Secondly, these commentators assume that because they are the centre of global finance (which for now they are but, given recent events, this status is now living on borrowed money and so on borrowed time), they jump to the conclusion that what is rotten in the core must by definition be rotten everywhere. Wrong again; yes, the periphery has inevitably been bruised but it is by no means bowed; indeed, much of it is already showing signs of restoring its much higher growth trajectory when compared to the now “Turning Japanese” West. Perhaps their misconception is wrapped up in a naïve and indeed even patronising belief that what afflicts the risk-free (except that it is no longer risk-free!) rate at the centre could not but hurt the higher beta periphery even more. (As a friend in London harrumphed, admittedly in a good-natured jest: “Good God, man, are you trying to tell me that our former colonies are now doing better than we are? What is the world coming to?” What, indeed.).
Thirdly – and Western politicians use this ‘logic’ even more than do its financial commentators – there is a “get-out-of-jail-free” card that suggests if the Browns, Sarkozys and even the late-lamented Bushes can cast their domestic crisis as truly global, they can claim that its causes are largely “beyond us” so, they hope, absolving them of any blame. Like a real tsunami, they must have hoped that if the financial tsunami could be cast as “an act of God”, Western voters would not take out their anger on their Governments. So far, Anglo-Saxon voters are having none of it: “Chuck the incumbents out” has become their rallying call.
As US Republicans have learned and the UK Labour Party has already experienced in local polls and is sure to experience in national polls next year, democracy hath no fury like a house-owner scorned.
But of course, this crisis was not an act of God; it was wholly an act of man and Western politicians of all political persuasions as much as those who elected them in the first place were and are still deeply implicated in this tsunami’s formation.

Our guest blogger is Dr. Michael Power. Dr. Power may be reached at:
email address: Michael.Power (at) investecmail.com

June 22, 2009

China will boost your bottom line

Guest Blogger this week is Dr. Michael Power, Strategist for Investec Bank, South Africa, who is on the left of the photograph. Dr. Power predicted the housing bubble popping to the exact month. I think he was so clear headed because he is not situated in North America and is not as biased by the driving wish to see economic growth return to the Western World. Here he talks about the need to be in the Chinese market. Private equity knows this but it is good to get reminded. Check out Dr. Power:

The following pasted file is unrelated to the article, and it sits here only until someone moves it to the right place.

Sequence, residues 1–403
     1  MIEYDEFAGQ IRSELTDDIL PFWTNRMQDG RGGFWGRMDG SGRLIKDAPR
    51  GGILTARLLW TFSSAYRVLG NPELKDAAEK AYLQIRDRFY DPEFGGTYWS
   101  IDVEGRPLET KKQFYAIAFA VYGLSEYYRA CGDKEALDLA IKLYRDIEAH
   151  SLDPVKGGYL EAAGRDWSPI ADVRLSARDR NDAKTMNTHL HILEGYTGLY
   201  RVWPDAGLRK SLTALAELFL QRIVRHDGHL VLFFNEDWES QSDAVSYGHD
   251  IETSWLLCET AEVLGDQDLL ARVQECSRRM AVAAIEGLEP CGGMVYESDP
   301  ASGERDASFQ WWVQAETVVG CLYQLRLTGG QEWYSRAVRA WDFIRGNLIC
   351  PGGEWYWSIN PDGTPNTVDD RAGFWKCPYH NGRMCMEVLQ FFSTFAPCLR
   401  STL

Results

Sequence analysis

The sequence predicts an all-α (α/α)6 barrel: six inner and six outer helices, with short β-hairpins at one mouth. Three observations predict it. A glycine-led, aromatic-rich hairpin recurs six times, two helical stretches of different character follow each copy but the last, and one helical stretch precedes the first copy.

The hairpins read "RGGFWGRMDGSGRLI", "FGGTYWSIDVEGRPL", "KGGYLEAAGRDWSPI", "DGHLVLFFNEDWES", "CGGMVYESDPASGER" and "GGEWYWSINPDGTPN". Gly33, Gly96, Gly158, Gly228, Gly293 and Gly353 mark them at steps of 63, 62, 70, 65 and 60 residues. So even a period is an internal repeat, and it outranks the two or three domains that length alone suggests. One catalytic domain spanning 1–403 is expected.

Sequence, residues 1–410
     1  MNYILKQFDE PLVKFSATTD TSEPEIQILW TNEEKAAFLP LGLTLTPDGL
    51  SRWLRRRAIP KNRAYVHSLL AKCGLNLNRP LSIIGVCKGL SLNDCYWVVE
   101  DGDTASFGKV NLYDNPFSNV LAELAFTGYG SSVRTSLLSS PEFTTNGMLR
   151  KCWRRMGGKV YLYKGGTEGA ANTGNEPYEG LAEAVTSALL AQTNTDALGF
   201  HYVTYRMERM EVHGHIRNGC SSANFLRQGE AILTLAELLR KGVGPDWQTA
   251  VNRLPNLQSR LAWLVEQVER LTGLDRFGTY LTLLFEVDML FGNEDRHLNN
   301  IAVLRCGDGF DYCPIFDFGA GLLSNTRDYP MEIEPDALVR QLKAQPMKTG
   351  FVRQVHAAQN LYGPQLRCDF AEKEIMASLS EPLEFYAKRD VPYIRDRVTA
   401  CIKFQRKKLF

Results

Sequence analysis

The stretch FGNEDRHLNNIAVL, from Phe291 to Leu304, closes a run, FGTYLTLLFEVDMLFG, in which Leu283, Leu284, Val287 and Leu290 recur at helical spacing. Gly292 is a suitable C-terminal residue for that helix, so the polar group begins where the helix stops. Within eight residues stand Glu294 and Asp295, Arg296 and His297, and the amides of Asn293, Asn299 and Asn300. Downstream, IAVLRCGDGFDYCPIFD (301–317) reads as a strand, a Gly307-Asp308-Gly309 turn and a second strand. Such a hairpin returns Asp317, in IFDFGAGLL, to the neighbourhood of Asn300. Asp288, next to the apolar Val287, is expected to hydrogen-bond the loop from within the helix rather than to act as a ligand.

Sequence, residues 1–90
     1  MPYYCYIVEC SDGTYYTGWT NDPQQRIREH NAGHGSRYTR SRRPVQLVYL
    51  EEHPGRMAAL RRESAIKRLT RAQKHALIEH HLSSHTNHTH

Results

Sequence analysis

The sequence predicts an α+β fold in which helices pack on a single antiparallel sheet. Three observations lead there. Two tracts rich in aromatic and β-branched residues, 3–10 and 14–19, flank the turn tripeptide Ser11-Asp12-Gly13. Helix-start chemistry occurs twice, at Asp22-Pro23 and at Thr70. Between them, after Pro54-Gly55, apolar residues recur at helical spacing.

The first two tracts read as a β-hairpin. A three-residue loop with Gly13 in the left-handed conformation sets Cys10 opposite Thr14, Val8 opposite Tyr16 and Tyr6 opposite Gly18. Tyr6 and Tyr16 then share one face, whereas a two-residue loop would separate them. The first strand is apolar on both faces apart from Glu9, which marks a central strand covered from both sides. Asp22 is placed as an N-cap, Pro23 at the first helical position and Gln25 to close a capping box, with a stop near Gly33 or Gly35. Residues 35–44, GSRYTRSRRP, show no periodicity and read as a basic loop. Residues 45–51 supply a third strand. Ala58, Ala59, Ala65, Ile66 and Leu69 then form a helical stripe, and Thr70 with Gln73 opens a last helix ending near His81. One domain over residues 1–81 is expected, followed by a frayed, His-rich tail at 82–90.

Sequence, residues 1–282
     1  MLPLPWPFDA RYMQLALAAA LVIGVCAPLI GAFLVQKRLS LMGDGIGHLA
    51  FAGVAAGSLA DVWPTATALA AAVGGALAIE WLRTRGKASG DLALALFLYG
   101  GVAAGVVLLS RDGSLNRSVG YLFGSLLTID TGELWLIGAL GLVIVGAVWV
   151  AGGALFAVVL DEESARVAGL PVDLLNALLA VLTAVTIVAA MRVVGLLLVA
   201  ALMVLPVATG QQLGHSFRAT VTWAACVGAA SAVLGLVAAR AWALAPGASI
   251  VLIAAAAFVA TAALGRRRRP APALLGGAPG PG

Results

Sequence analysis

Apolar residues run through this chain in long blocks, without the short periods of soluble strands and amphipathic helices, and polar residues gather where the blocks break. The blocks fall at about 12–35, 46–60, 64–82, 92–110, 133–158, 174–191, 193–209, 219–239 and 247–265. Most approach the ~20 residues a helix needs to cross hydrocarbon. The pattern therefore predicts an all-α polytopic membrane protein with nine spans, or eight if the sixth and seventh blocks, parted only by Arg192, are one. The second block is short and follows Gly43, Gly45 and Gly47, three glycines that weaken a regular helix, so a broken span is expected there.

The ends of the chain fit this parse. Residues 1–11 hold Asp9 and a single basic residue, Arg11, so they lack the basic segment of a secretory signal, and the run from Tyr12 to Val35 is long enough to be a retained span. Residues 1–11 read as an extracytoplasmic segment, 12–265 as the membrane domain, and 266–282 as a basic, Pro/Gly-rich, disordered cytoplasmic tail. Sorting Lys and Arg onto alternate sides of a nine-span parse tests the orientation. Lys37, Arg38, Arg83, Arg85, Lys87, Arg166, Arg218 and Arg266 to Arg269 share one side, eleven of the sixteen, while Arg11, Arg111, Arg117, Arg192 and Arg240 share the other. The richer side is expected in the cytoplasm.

My forecast for the various parts of the global economy can be summarised as follows: the closer your economy is integrated to the Chinese economy, the more V-shaped your recovery is likely to be. The corollary of this is that the further away – broadly speaking, the more Western-oriented – your economy is from China, the more leaden-footed its recovery will be. That said, because of the base effects of Q4 ’08/Q1 ‘09, year-on-year GDP growth in Q4 ’09/Q1 ‘10 will show significant improvement in Western GDP growth patterns. But this uptick will flatter to deceive and thus be something of a false dawn: the balance of 2010 will show that the underlying GDP growth profile of the West will remain lacklustre and that the real recovery will have to wait for 2011 and beyond. In short, the West’s recovery letter will more likely be a ‘W’. How ironic yet appropriate that the Dubya era will sign off with a period of Dubya-shaped economic growth!
And, off in the far distance, there is a second debate coalescing along the lines of “Even if the US does have to endure a W-shaped recovery, just how robust will that final up-leg be?” The fear is that it might not be the incline of a steep hill but rather that of a gentle slope. Furthermore, the fear is that the new trend GDP growth rate it will gravitate towards will be materially lower than the old, pre-2008 level of 3.0% to 3.5%; 2.0% trend is the whispered number. If so, then perhaps the US (and most likely most of the West with it) is indeed turning Japanese.
You can reach Dr. Power at his email address - michael.power at investecmail.com